I heard from the Earl of Carnarvon’s older brother, a duke whose castle and estate are so grand, kings and queen visit regularly. Their status is higher than Lord Grantham’s, because their ancestors fought family conflicts with their relatives for the Crown. There is an unclaimed castle, now owned by the National Trust, that should have been inherited by the descendant of the noble who was their American relative, but it wasn't. Another one of these lords, with a very twisted family history (he does not get along with the other lords, his relatives, and they’re always in conflict) telephoned me one morning to compare ancestral documents. He lords over a whole village where his castle stands, as do the other lords.
So Downton Abbey strikes some personal chords for me. I was sad to watch the scene from the second season about the death of the maybe/maybe-not legitimate Grantham heir of the Downton estate and fortune. He was a man who’d lost his memory after being rescued from the Titanic, a man who’d returned after living in North America. Two heirs may have perished on the Titanic. I’m hoping in the future to see a firstborn son of this mysterious stranger from the Titanic return to add drama. Since that son will have been born in America, the writer can give him blended ancestry, and blended ancestry is always dramatic, whether it’s blended class, race, religion or ethnicity.
My own ancestors from the 1690s and 1720s had blended ancestries, of British nobles and colonial free people, maroons, who were once slaves from Ghana. Their British noble father left his children’s colonial birth and baptism records in Presbyterian church files that were later collected by the Anglicans for the Archbishop of Canterbury, and preserved in Church of England archives.
That's why I screamed in delightful recognition when I saw the scene in Downton Abbey, where Lord Bryant dramatically declared to Ethel, the maid, that she should give him the son, Little Charlie, a child she bore with the lord’s only son, Major Bryant, now dead, (making this son the firstborn who would inherit). Why? Because Lord Bryant said if he the lord raised the son, the boy would be educated and would become a gentleman, but if she, a housemaid raised him, the boy would be nothing, a bastard, the son of a poor lowly maid. He screamed at her that with her, the child was “the nameless offshoot of a drudge.” The one-liners in this drama, especially the Dowager Lady Violet’s, are priceless, but this was a classic. Someone ought to do a book.
How can the same person be a bastard or a gentleman, depending solely on who raised him? That is what gives this period drama teeth -- the interplay of actions, behavior, statements, personal character, and class. At the time, the laws of primogeniture said the firstborn son inherited all, but sex being what it is, these lords and their families had to deal with illegitimate children, struggle with who could marry whom, and deal with the deaths of legitimate heirs.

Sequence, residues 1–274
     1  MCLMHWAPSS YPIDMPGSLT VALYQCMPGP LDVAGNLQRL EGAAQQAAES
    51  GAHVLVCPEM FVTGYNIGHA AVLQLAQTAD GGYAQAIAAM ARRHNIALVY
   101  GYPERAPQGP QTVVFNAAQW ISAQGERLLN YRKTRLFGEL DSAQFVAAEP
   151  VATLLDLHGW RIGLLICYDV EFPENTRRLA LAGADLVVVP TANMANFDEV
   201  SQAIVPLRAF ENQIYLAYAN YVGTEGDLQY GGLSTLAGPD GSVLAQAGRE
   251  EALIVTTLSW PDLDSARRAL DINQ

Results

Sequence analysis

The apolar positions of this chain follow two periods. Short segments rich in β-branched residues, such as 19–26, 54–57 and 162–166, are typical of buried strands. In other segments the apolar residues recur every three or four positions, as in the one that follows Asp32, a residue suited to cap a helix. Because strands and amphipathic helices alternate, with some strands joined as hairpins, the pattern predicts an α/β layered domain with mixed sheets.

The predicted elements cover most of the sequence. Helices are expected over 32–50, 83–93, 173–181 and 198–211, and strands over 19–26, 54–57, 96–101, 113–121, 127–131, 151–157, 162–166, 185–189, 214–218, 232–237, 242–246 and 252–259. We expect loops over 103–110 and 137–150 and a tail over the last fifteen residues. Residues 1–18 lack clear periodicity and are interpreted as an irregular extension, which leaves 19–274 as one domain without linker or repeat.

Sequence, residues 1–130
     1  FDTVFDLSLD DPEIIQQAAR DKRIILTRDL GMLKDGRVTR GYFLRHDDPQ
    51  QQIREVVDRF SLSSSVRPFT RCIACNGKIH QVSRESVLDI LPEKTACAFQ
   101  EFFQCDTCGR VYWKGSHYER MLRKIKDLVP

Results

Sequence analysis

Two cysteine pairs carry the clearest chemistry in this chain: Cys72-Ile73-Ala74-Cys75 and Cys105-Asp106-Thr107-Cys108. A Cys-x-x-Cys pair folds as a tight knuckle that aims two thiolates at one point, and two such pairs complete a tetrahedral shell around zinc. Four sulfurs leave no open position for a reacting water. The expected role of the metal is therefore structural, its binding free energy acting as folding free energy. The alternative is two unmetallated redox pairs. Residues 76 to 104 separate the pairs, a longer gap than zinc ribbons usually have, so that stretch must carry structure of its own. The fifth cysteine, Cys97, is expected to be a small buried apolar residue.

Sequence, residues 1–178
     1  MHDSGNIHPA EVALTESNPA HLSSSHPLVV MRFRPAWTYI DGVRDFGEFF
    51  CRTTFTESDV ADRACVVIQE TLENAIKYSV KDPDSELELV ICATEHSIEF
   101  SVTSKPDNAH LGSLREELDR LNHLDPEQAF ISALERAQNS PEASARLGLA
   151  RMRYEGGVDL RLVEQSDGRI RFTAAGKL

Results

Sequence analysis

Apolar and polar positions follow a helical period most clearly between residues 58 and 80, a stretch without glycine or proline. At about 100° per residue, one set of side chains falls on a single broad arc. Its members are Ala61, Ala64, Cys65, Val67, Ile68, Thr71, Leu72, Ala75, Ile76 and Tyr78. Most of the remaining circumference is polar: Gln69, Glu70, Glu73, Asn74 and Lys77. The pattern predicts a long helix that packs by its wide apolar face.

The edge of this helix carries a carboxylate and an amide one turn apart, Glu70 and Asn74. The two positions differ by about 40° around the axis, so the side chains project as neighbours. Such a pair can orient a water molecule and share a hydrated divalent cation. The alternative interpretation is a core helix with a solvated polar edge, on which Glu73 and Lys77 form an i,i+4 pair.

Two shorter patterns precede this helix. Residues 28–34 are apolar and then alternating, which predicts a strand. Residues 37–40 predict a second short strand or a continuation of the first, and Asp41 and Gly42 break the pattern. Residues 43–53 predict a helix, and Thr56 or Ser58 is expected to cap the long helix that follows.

The first person I heard from when I was researching my British family was a descendant of an upstairs lord and a downstairs maid. Her noble ancestors did not acknowledge the child. There are no records in the lord’s family, only in the maid’s. She wondered how the British family and grandmother could have acknowledged a child born to one of the nobles and a free maroon woman in the colonies, and not recognized one born to one of the lords and a maid in England. I told her the British family did not recognize the American child then, but I found the secret records left by the rebellious noble who emigrated.
When I hired a British genealogist, I uncovered other records in our ancestral family like hers, records that had the aristocratic father’s name but no mother’s name on them. The mother was listed as "Mrs. lord’s surname," without any first name, or would be missing completely if she was unmarried. There were records like these for several generations. One of these mothers was her ancestral relative, a housemaid. She and I compared records, in amazement at this shared social history.
My colonial maroon ancestor was a firstborn son in the British Jamaica Colony. The castle and estate he should have inherited is no way as grand as Downton Abbey. As his descendants, we can reclaim the castle only if his parents, a British noble and a free maroon woman, were married and their marriage records recorded in a government’s civil file when he was born on March 20, 1726.
But colonial laws said they were not allowed to marry, neither in a civil or in a church “banns” ceremony. These colonial ancestors were such rebels, they may have married in secret in the church. His British grandmother’s relatives inherited the grander estates. Their modern descendants, lords in the House of Lords, and I have been in touch. The laws of primogeniture no longer apply, so if I find a Colonial American marriage record....